Urban Social-Ecological Systems

Cities currently account for around 70 percent of both the world’s energy use and greenhouse gas emissions, and contribute to environmental degradation on a global scale. In contrast, with appropriate stewardship, cities can help contribute to climate change mitigation and adaptation and functioning urban ecosystems can greatly contribute to human health and wellbeing.

By the year 2050 it is predicted that newly built cities will cover an aggregated size of France, Germany, and Portugal. Making sure that cities operate within planetary boundaries while, at the same time, striving towards universally accessible, inclusive, resilient, sustainable and health supporting urban environments, is an important mission for planners, local governments and civil society. Currently cities face grand challenges for climate-change mitigation and adaptation, migration, loss and erosion of ecosystem services, urban densification and the challenge of increased digitalization of city functions.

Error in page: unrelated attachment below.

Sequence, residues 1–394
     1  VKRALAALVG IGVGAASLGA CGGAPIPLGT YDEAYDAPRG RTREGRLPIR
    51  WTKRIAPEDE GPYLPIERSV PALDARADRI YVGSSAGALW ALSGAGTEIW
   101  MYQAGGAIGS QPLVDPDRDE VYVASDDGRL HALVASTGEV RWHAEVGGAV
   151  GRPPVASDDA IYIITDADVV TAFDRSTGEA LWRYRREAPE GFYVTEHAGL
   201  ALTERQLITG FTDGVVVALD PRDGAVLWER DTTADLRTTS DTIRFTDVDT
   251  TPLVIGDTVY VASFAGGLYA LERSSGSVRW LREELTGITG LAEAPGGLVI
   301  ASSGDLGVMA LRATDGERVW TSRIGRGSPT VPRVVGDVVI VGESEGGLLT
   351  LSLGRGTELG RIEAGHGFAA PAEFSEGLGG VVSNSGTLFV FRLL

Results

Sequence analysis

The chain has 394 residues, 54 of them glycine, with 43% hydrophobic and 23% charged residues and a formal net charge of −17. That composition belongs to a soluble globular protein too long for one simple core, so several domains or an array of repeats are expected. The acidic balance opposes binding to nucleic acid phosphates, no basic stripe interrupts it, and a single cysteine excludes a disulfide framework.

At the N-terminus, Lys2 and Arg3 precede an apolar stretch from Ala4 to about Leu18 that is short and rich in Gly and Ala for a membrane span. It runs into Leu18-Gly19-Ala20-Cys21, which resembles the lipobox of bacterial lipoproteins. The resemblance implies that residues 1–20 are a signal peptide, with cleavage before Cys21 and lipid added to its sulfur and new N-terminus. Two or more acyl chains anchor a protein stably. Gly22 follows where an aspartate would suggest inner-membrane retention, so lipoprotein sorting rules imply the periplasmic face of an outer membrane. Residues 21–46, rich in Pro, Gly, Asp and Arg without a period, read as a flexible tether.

In the Urban Social-Ecological Systems (USES) research programme, we are studying how cities could become more reconnected to the biosphere. This involves research on how urban ecosystems help to promote social-ecological resilience and create suitable conditions for both humans and nature. The interplay between ecosystem services, governance institutions, behavioral economics and design of the built environment is viewed as critical for creating more sustainable and resilient cities. Historically, the program has drawn from the insights generated within the Beijer Property rights Program and the UN-based Millennium Ecosystem Assessment. Our research insights have been pivotal in the development of the new research frontier coined ‘Social-Ecological Urbanism’ that deals with how nature-based solutions can be incorporated in the built environment. The program also addresses research on urban densification and how an increased digitalization of city functions in the form of ‘smart cities’ may influence and/or change human-nature